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When Camels Roamed Berkeley…

Posted By Valerie Woolard On Jul 20, 2010 @ 11:56 pm In Sandbox | Comments Disabled

Sproul Plaza, circa 9 million B.C.

Fossil discoveries by private paleontologists [1] excavating an area between Oakland and Orinda paint a quite different picture of the East Bay. It seems that 9 to 10 million years, ago, the area was “a warm, wet and flat savanna.”

Now, this isn’t the first time that such discoveries have been made. Excavations in the 1930s and 1960s turned up plenty of other fossils around the site, and UC Berkeley researchers have found fossils from the same era elsewhere.

The different climate of course gave rise to some now unheard-of Bay Area residents.

Camels, three-toed horses, small mastodons with four tusks, rhinoceroses, dogs with jaws like hyenas’, and small antelope-like creatures carved out a niche in the East Bay.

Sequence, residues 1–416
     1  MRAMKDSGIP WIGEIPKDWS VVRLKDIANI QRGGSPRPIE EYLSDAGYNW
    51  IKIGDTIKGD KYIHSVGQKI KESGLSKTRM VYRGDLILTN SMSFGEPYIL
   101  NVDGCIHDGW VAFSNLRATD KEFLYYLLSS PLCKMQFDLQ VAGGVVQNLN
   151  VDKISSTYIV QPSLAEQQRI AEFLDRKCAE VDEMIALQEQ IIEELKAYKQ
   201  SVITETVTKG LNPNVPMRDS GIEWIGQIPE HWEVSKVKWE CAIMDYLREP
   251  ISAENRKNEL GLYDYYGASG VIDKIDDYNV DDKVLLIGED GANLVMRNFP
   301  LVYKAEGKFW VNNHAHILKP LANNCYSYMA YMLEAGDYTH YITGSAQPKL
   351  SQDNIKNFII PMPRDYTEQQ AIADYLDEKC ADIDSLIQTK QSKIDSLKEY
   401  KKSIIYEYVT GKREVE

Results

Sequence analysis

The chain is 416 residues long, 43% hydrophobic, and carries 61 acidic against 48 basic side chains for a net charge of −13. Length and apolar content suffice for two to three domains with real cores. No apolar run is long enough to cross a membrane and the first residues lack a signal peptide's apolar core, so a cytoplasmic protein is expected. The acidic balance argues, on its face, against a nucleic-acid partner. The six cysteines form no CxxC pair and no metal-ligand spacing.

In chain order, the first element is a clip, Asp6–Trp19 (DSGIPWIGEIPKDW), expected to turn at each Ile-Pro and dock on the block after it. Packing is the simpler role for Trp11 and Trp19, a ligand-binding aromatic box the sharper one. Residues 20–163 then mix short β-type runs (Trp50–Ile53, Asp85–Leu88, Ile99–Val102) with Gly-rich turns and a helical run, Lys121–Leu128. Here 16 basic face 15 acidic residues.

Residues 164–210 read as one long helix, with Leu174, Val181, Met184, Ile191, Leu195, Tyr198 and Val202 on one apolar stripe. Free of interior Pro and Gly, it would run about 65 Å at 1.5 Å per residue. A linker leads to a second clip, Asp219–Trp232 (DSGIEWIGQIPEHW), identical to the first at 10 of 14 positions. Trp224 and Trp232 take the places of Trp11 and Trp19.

The current project is financed by Caltrans, and is being conducted to excavate a fourth bore of the Caldecott Tunnel. But the fossils will eventually end up in UC Berkeley museums.

Now if you’ll excuse us while we ponder the possibilities of riding camels to class.

Image Source: kevin (iapetus) under Creative Commons
Caldecott Tunnel fourth bore dig unearths fossils from millions of years ago [Mercury News [1]]

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URL to article: http://clog.dailycal.org/2010/07/20/berkeley-once-inhabited-by-camels/

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[1] Fossil discoveries by private paleontologists: http://www.mercurynews.com/ci_15548021?source=most_viewed&nclick_check=1

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